Following a site visit to Brigid’s Path, a recovery center for newborns and their mothers suffering from substance abuse disorders, in Kettering, Ohio. American Idea Foundation President Paul Ryan spoke with the Pittsburgh Post Gazette’s Salena Zito about his efforts to help front-line organizations combat poverty and promote upward mobility.
The full article is available here and excerpts are included below.
Pittsburgh Post Gazette: Zito: Real solutions need real principles, according to Paul Ryan
By: Salena Zito
KETTERING, Ohio — Some on the left depict Paul Ryan as a man who would throw Grandma off the cliff because he supported restructuring entitlement programs to keep them from defaulting. Some on the right depict him as a RINO (Republican In Name Only) for his distaste for Donald J. Trump.
Mr. Ryan, the Speaker of the House from 2015 to 2019, said he is steadfast in his belief that conservative fiscal responsibility is the best way to lift people out of poverty and that Trump has become what he feared he always was….
Politics with principle
I spoke with Mr. Ryan while he was visiting Brigid’s Path, the first in-patient newborn recovery center in Ohio. Some of his critics mistake his quiet demeanor for aloofness. But those who have interacted with him realize his demeanor is a direct result of a man determined to conduct a life of purpose. He would agree that his choices haven’t always been perfect, but that doesn’t stop him from trying to continue to get it right.
Part — but not all — of the populism running through the Republican Party right now is populism without a principle, he said. “It’s wrapped around a personality.”
There has to be principle — which brings us back to Brigid’s Path. It’s a cheerfully-painted but unassuming building so fully surrounded by an industrial park that it is easy to miss.
The first thing Mr. Ryan heard as he walked into the lobby were the gentle sounds of babies — lots of babies. The Janesville, Wis., native and father of three smiled broadly and headed toward the rooms where nurses were cuddling and monitoring newborns suffering from neonatal abstinence syndrome, which is a result of babies having been exposed to drugs prior to birth.
Mr. Ryan spent several hours touring the facility with local community leaders and Ohio U.S. Reps. Mike Turner and Brad Wenstrup, as they discussed the facility’s impact serving young mothers — and their infants — caught in the rising tide of opioid addiction. Sitting in the conference room at Brigid’s Place, Mr. Ryan was dressed casually, with comfortable shoes — no tie, no entourage.
Mr. Ryan was visibly moved by the infants he saw and had a powerful back-and-forth with a mother during a roundtable with stakeholders after the tour. Accompanied by her precocious and now healthy 18-month-old daughter, the mother candidly discussed her journey from addiction, to prison, to bringing her then-infant here 18 months ago.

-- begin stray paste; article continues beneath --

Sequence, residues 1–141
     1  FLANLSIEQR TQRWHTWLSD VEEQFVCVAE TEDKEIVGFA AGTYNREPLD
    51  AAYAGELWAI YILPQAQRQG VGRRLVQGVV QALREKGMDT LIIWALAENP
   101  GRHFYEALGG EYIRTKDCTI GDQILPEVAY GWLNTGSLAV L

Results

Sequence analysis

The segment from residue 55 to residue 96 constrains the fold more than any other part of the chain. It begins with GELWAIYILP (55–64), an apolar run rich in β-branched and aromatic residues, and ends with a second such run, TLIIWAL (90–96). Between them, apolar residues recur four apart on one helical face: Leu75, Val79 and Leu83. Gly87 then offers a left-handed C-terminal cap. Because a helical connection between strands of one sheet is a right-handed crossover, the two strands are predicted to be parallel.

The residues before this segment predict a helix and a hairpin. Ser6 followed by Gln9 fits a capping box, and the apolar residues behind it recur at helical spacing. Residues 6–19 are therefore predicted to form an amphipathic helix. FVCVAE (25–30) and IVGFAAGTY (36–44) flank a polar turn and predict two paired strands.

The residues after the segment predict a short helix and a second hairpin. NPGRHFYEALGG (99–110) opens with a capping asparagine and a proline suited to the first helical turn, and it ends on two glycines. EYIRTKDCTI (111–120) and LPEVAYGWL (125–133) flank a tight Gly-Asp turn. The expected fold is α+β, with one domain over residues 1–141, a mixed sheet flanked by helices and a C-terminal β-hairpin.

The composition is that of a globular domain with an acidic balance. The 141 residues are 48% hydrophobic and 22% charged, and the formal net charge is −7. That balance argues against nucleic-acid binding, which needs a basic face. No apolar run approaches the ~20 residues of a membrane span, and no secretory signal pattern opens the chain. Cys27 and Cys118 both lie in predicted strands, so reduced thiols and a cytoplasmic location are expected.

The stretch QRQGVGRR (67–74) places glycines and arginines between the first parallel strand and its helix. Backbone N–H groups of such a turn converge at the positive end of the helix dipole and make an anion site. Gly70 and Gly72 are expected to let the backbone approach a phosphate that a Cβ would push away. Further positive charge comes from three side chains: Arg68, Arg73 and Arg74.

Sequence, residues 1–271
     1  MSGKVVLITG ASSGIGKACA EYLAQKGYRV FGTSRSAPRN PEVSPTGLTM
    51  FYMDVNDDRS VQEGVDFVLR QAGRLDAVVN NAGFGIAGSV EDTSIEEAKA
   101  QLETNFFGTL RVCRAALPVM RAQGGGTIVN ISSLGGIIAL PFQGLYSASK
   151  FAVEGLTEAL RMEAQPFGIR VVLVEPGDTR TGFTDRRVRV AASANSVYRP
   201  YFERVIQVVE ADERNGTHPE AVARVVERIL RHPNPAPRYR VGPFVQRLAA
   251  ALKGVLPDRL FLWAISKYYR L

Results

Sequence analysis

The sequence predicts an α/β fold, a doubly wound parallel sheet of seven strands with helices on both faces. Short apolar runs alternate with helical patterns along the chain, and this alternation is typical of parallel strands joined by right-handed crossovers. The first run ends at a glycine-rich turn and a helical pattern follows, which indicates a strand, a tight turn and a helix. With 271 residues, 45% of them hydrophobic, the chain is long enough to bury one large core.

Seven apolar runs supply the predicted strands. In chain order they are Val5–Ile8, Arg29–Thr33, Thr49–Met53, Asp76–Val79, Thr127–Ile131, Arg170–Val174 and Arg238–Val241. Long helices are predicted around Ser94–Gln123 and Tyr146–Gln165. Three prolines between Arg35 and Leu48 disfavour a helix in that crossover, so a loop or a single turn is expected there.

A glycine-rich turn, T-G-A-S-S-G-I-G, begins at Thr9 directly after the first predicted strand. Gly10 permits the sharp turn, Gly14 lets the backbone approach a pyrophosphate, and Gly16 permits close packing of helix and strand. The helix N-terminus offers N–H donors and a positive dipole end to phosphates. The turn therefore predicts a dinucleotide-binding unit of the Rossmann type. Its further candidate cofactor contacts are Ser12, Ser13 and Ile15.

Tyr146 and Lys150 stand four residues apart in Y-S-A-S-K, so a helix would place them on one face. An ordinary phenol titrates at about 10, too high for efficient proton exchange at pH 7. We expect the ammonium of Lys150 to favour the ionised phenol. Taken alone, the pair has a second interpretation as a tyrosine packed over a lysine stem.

Her answers to Mr. Ryan’s questions were so raw and frank that a pin drop would have shattered the hush.
Work on poverty
“I’ve been spending the better part of my adult life on poverty issues,” Mr. Ryan explained afterward. His involvement began with his work with former HUD Secretary Jack Kemp and continued as a member of Congress.
Mr. Ryan said he traveled — without fanfare, incognito — to high-crime and drug-infested neighborhoods with civil rights activist Bob Woodson in order to understand from the ground up what drove the despair. “Woodson told me at the time it was a commitment — not a drive-up, drop-in. When I went, I went for the duration,” he said. “It gave me a clear-eyed understanding of the roots of poverty, as well as the impact.”
It’s the vocation he said he has chosen since he has retired: “I do other things, but this foundation I founded, the American Idea Foundation, helps fund remarkable places like this place here to scale and replicate those poverty programs elsewhere.”
Mr. Ryan is also an adjunct professor at Notre Dame. “I work particularly at their laboratory for economic opportunity, where we run randomized control trials on promising poverty programs,” Mr. Ryan said, adding that his original love was the field of economics….
The sweet spot
Mr. Ryan said his sweet spot on making a difference in the world is mixing empathy and compassion with data. “That is why I’m a conservative. I believe in the role of civil society. I believe in the role that communities have, and I believe in the role of personal responsibility, upper mobility and people helping each other. Catholics, we call it subsidiarity.”
Mr. Ryan said it is something he has always taken to heart: “It is the most effective philosophy to doing the most good for the most people, and it’s the best way for society to govern itself.”
That’s a big reason he wants to get beyond Mr. Trump. Only then, “the Republican Party can heal and actually start winning elections and stopping the progressives from screwing up our country.” He noted the Republican losses in 2018, 2020 and 2021.
“The irony of all of this is Joe Biden and Donald Trump have a symbiotic relationship with one another,” he said. “They need each other to make the best case for their candidacies — and yet the vast majority of Americans do not want a rematch.”
And he’s not wrong. A series of national polls — including a recent survey done by the New York Times/Siena — shows voters are wary of a replay of 2020 and would prefer options other than Mr. Trump and Mr. Biden.
Maybe an option that puts principle over personality.